'Where the fleet goes, we've already been'


Edward L. Lowe at 16 decided he needed to enlist in the Navy to take the place of some “draft dodger” who wouldn’t. The Foxworth resident along with three of his buddies, Doby McDaniel, Junior Burkes and Charles Lowe, all volunteered for the service in December 1944.

Basic training was in Great Lakes, Ill. From there he was sent to Norman Naval Station in Oklahoma. Next was a disembarkation port in the California mountains to Oakland where he set sail to Pearl Harbor and from there to the island of Formosa, which is now called Taiwan. He was assigned to a converted mine layer, and it was the flagship for Commander Task Force 52.3. The group was over a particular group of mine sweepers. Their assignment was to edge closer and closer to Japan.

His job was a radio voice talker. What he would do is receive messages from other ships and pass it to the commander or from the commander to the ships. There were several of them because of all the minesweepers in the group could report to the commander and vice versa. The messages would be typed up and delivered to the appropriate staff officers to sign off and take whatever action was needed.

As the war ended, they moved to Sasebo Harbor on the southern Japanese island of Kyushu. It was like an old graveyard of aircraft carriers, which had been damaged and could not be used anymore. It was also the headquarters for the kamikazes. Kamikazes were Japanese fighter pilots who would intentionally crash into U.S. ships to damage and destroy them.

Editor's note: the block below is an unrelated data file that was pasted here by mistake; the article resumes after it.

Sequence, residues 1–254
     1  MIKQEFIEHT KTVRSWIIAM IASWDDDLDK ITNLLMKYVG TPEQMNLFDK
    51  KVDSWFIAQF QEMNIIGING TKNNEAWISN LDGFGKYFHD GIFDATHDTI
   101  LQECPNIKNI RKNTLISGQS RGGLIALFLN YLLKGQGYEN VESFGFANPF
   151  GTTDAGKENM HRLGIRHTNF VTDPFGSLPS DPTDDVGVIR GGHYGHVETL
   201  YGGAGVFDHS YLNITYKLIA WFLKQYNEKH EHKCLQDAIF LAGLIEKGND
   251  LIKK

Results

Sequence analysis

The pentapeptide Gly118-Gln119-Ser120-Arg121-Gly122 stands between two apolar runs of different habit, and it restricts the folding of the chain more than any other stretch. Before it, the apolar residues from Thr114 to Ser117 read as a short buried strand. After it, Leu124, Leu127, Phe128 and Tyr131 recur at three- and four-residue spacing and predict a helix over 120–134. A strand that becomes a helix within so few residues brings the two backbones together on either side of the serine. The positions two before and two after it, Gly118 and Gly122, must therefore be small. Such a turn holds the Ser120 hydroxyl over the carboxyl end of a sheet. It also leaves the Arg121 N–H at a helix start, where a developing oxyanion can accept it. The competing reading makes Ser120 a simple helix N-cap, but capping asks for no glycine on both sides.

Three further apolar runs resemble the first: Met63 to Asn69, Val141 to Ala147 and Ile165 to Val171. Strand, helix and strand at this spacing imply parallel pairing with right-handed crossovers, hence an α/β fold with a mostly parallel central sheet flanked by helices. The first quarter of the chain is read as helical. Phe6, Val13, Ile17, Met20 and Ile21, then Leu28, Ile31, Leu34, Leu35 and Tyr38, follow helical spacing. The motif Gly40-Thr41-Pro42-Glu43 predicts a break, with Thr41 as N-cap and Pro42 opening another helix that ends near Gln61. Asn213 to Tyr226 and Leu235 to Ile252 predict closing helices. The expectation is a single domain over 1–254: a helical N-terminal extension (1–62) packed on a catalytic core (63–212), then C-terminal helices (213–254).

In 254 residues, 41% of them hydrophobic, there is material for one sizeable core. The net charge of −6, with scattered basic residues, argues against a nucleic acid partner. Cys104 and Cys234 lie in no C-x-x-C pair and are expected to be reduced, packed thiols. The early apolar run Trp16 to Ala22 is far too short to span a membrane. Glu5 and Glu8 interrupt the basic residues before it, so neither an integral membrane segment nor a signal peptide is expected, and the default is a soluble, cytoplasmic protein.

The Japanese commander surrendered to the Commander of Task Force 52.3. At the surrender, the Japanese commander turned over his samurai sword to the American commander. The commander had it mounted up in his office.

“Any time we went to the see the commander, we got to see that sword hanging,” Lowe said. 

In late December a group of them moved to different jobs on different ships because a lot of the older servicemen had earned their points. At that time points were earned by the length of time served, where served and special distinguishes received, such as medals.

Lowe was assigned to YMS 468 minesweeper. A minesweeper worked by having a float, also called a pig, in front of the minesweeper. The float would have a line attached to a depressor on the vessel and would cut loose the mines, causing the mines to float to the surface. Sailors would then shoot the mines to detonate them to clear the water to make way for the ships to safely make it to land for battle.

He said they had a motto, “Where the fleet goes, we’ve already been.”

His assignment on the YMS was a motor machinist mate/striker in the engine room.

He said it was 139 feet long and 32 feet wide and had a crew of 37. Not only did they continue to sweep mines in Sasebo Harbor but also along the coasts of Korea, the Yellow Sea, China Sea and Sea of Japan.

In mid-January of 1946, a group of seven ships formed a convoy to head back to the United States.

“We more or less island hopped back because we did not have enough fuel to go far without refueling and taking on fresh water,” he said.

He received a card marking when he passed the International Date Line on March 28, 1946, on their way to California. Lowe said they were due to go to Johnston Island in Hawaii to refuel before they would get to Pearl Harbor. On April 1, Alaska suffered from two or three earthquakes, which resulted in a tidal wave that prevented them from docking. The minesweeper had to be refueled at sea.